Last night I was reading this blog post “The Ranganathan Approach to Open Data (Five Laws for Open Data)” and it occurred to me that Ranganathan may be one of the few old school Librarians who effectively prepared for categorizing and classifying information in multiple formats. As we know, Dewey and Library of Congress classification systems were based on books and documents, and now have been stretched and flexed to include the variety of media we now have available (their flexibility is their strength and explanation for their survival, but more on that some other time). Ranganathan however, based his classification system on much more abstract concepts of the nature of an object.
Before I get into all of that, I should tell you, this is guy is probably the Biggest Deal in Library science history (for me anyway). All librarians aspire to his 5 laws of library science:
- Books are for use
- every reader their book
- every book its reader
- Save the time of the reader
- The Library is a growing organism.
He also made this completely excellent classification system (The Colon Classification System) which is only in use in some places in India. This is the very first Faceted Classification System, and the facets he names are where this gets interesting. Referred to as “PMEST”, “Personality”, “Matter” (or Property), “Energy”, “Space” and “Time”. While this seems a much too far afield to be helpful, it can structure the way we think about organizing information online for retrieval.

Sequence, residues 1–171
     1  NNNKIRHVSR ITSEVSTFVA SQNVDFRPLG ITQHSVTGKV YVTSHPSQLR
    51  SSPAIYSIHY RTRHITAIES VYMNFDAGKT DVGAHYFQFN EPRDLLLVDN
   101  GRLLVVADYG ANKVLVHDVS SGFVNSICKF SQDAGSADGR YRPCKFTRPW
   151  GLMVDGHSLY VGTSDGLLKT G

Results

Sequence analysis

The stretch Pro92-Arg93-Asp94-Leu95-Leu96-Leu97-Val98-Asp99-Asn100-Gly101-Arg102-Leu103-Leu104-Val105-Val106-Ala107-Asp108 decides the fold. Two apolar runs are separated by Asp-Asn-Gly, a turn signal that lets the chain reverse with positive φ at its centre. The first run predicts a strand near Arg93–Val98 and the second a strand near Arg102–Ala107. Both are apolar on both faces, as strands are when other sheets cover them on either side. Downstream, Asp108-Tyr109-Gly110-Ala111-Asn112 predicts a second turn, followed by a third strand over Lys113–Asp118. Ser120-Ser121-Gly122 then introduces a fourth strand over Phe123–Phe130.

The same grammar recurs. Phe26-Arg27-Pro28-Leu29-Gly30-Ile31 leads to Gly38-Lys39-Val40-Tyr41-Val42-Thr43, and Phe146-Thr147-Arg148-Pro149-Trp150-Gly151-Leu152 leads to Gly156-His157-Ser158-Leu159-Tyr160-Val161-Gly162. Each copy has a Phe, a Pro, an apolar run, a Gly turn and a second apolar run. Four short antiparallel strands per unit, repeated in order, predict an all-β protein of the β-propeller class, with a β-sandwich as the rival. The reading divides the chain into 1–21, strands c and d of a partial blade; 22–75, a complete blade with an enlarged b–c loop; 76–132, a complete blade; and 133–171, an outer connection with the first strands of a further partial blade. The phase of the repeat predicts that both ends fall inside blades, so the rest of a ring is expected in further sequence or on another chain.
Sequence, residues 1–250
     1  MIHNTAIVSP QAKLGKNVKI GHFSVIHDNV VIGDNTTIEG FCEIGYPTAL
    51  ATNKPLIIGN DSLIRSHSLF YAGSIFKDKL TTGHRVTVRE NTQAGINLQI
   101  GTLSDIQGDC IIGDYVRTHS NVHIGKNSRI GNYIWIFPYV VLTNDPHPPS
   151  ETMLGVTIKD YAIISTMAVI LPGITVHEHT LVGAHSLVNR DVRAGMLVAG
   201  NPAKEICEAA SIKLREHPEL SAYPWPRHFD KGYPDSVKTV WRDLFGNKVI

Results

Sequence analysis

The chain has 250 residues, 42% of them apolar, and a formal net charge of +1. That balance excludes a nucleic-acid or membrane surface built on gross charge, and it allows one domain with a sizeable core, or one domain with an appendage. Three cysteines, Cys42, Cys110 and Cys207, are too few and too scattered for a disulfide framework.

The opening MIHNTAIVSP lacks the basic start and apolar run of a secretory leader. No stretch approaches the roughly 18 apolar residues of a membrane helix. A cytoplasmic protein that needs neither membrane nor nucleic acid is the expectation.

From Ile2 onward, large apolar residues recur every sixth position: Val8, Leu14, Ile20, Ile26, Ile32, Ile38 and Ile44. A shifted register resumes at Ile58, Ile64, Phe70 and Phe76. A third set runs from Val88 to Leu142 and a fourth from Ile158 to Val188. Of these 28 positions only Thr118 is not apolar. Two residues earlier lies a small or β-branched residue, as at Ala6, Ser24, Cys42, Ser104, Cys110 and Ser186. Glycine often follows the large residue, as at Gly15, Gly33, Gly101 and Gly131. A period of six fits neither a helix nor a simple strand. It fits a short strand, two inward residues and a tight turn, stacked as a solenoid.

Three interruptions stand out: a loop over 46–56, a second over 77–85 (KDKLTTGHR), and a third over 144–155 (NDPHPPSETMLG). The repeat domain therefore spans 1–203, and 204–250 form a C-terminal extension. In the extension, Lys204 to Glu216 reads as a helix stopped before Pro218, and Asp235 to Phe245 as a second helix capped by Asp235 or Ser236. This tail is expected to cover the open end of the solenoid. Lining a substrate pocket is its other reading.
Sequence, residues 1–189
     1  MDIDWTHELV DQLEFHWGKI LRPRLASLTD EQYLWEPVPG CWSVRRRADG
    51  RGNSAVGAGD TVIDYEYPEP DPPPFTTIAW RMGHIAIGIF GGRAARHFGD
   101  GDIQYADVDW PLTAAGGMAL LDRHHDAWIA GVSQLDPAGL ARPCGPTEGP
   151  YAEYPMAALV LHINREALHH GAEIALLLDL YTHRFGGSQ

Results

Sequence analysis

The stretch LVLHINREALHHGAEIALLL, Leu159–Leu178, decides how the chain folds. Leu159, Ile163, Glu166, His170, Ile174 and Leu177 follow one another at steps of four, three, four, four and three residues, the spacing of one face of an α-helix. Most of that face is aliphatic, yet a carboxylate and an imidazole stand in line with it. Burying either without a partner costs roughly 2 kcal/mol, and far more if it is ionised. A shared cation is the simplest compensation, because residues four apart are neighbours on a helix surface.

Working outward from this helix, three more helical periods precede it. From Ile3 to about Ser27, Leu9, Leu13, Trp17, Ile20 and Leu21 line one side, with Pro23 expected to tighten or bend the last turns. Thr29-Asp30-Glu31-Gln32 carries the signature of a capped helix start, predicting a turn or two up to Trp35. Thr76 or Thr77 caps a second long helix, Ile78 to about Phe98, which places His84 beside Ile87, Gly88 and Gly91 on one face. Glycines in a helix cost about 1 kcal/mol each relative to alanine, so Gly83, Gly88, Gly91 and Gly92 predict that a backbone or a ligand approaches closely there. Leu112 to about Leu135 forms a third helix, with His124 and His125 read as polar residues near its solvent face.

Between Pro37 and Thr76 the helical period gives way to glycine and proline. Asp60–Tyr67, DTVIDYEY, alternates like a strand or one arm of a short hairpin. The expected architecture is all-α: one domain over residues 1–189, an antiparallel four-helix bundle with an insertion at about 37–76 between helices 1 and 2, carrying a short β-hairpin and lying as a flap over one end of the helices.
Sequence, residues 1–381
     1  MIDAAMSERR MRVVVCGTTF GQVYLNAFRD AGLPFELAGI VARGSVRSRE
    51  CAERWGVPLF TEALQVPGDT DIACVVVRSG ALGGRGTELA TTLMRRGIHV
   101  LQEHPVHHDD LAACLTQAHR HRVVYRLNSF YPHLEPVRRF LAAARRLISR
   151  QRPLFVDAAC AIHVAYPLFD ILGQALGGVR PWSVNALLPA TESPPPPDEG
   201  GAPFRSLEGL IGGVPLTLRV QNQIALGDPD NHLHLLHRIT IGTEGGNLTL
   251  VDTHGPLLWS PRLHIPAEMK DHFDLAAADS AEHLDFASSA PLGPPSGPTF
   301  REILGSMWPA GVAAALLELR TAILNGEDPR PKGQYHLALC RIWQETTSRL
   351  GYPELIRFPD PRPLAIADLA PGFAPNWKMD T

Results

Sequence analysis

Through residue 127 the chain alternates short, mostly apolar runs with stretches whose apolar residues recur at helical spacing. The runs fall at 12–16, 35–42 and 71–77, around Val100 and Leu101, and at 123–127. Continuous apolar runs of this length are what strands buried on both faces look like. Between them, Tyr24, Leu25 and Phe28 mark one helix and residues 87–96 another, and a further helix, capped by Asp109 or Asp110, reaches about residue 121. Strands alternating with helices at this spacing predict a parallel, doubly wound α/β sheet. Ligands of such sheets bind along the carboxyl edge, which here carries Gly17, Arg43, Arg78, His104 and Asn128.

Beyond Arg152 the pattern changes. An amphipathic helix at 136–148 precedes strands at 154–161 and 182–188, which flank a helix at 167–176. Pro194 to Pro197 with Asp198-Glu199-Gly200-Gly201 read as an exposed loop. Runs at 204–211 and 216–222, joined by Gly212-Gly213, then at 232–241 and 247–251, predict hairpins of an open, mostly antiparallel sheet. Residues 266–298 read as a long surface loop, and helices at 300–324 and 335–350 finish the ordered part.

I read an article recently about metatagging. Which essentially would label the “type” of tag in a similar sense that Ranganathan created his PMEST facets. So, this post for example is tagged with “S.R. Ranganathan”; “Tagging”; and “Folksonomy”, none of which are the same type of information. If we metatag them, and create standard facets, there is a way to plug this in to our more traditional expectations of searching (i.e. a non-keyword option). SO although all three of those tags are the subject of the post, we can divide the information not into it’s function, but what it ‘means’, “S.R. Ranganathan” could be tagged “Persons”; “Tagging” could be tagged “Actions”, and “Folksonomy” could be tagged “Entities” or something. Outside of the realm of ‘subject’, the “Long post” tag could be tagged as “object description”, or something explaining that it describes not the content, but the actual object itself. Some may be confused too easily with Persons, but I’m not proposing those terms specifically, and to a certain extent, people will acquiesce to the term definitions. I believe that this could potentially help us to create a system by which to find the information later, so instead of “Subject:” as a search prompt, you might have “Subject/persons” as a search prompt. Maybe we could have the freedom of tagging, with the retrieval success of more traditional classification systems. This is all to say, that I agree with Quintarelli to a certain extent. My one concern is that all of the examples involve narrow subject facets, is it possible for us, in the spirit of Ranganathan, to not over explain? Can we allow enough space in our facets’ definitions to serve all potentially tagged objects? Though this is an entirely grandiose mission, why not try? . . . I’ll make it easier, we’ll just limit it to the internet.